The most commonly used USB port is going to get upgraded soon.
The USB 3.0 Promoter Group have announced that the work of USB 3.1 specification has been completed. It will feature enhancements to enable SuperSpeed USB to offer transfer speeds of up to 10 Gbps.
The Group said in a press statement, “SuperSpeed USB 10 Gbps uses a more efficient data encoding and will deliver more than twice the effective data through-put performance of existing SuperSpeed USB over enhanced, fully backward compatible USB connectors and cables. Compatibility is assured with existing USB 3.0 software stacks and device class protocols as well as with existing 5Gbps hubs and devices and USB 2.0 products.”
Brad Saunders, Chairman of USB 3.0 Promoter Group said that The USB 3.1 specification primarily extends existing USB 3.0 protocol and hub operation for speed scaling along with defining the next higher physical layer speed as 10 Gbps.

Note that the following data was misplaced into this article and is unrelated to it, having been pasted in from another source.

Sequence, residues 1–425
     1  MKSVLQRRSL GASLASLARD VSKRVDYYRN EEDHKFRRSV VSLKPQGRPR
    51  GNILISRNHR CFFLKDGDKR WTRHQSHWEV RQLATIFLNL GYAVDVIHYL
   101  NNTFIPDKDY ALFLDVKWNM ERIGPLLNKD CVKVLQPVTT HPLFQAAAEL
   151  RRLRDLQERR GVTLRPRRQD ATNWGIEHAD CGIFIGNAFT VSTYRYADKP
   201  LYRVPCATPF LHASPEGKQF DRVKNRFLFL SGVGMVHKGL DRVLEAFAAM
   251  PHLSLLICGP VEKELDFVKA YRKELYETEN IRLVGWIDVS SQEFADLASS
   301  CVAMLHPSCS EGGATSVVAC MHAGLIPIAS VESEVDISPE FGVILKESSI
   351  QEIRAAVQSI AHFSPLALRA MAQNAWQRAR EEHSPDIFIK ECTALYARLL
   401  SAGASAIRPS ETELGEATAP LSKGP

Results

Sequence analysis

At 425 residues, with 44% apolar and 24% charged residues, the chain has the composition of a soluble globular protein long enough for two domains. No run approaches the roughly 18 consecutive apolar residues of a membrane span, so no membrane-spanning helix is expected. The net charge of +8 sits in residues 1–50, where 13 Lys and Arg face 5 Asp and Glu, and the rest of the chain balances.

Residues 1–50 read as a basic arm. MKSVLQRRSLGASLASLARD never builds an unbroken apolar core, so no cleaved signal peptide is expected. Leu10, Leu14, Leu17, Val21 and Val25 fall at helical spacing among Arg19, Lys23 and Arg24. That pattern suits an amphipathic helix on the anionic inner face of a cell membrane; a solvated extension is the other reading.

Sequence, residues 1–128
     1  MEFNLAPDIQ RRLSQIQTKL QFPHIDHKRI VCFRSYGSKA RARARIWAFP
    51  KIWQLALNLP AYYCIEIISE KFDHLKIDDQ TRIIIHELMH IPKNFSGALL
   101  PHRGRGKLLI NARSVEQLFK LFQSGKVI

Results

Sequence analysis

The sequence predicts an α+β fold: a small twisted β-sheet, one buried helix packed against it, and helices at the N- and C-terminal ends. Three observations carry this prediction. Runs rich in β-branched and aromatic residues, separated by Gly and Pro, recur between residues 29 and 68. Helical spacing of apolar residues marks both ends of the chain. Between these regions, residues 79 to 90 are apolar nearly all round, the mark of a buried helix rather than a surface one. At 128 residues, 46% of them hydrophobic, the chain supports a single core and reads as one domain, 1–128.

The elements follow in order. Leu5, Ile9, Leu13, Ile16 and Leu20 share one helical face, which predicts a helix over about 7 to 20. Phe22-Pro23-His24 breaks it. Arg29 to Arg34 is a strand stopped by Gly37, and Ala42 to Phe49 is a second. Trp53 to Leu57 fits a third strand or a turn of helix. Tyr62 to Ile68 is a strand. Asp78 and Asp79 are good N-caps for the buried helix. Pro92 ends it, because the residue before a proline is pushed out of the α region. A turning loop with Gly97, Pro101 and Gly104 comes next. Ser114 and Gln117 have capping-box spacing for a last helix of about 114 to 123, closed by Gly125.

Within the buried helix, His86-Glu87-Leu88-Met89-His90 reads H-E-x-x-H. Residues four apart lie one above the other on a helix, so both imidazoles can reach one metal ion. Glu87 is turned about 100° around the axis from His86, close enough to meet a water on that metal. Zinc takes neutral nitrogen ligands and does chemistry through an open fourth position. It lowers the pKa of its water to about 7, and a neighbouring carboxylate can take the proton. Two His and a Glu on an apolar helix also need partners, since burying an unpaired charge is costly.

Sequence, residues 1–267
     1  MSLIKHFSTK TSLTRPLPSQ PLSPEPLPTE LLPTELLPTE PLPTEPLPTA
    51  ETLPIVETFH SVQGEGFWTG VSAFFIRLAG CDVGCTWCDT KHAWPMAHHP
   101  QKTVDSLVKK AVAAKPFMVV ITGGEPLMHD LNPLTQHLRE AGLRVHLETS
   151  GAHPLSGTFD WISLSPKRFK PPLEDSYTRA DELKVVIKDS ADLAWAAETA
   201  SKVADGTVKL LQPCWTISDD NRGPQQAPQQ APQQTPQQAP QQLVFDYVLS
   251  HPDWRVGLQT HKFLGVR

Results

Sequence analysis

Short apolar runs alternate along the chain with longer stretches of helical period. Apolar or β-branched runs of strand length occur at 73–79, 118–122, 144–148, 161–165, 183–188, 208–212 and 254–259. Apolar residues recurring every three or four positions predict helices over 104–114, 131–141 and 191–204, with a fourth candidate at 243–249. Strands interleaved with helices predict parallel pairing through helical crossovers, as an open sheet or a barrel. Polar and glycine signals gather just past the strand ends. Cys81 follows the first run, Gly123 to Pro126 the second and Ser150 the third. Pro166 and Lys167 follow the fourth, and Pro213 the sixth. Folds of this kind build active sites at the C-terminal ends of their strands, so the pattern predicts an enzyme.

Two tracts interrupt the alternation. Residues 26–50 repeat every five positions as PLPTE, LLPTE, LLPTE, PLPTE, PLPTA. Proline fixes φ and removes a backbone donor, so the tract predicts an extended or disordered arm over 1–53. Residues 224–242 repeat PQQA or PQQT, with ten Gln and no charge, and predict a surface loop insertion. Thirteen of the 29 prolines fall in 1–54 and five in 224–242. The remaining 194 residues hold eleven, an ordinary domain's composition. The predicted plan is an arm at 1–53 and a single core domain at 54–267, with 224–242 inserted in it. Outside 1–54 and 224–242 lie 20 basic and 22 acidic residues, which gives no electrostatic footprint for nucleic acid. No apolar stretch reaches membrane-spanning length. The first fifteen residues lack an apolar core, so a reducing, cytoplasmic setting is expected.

“The specification team worked hard to make sure that the changes made to support higher speeds were limited and remained consistent with existing USB 3.0 architecture to ease product development.”
After the announcement, chips that support the new USB 3.1 specification can be made by chip makers like Intel.
Alex Peleg, Vice President, Intel Architecture Group said, “The industry has affirmed the strong demand for higher through-put, for user-connected peripherals and docks, by coming together to produce a quality SuperSpeed USB 10 Gbps specification. Intel is fully committed to deliver on this request.”
After the start of chipset production, OEMs will also be able to offer USB 3.1 connectivity with their devices.
“We recognize this advancement in USB technology is an important development for our customers,” said Tom Bonola, Chief Technology Officer, Business PC Solutions, HP. “The
USB 3.1 Specification enables us to meet the growing needs of our customers for faster data transfer while maintaining backwards compatibility with existing devices.”
Devices with USB 3.1 Specification are expected to arrive by late 2014.